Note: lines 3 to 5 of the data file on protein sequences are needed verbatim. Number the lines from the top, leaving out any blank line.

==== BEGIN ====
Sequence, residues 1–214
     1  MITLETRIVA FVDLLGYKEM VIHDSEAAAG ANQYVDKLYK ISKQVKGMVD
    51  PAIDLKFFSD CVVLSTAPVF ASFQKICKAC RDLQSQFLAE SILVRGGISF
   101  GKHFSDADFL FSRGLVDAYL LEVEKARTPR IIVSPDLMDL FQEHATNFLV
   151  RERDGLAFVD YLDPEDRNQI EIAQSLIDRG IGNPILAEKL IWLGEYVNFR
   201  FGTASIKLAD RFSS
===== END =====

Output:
    51  PAIDLKFFSD CVVLSTAPVF ASFQKICKAC RDLQSQFLAE SILVRGGISF
   101  GKHFSDADFL FSRGLVDAYL LEVEKARTPR IIVSPDLMDL FQEHATNFLV
   151  RERDGLAFVD YLDPEDRNQI EIAQSLIDRG IGNPILAEKL IWLGEYVNFR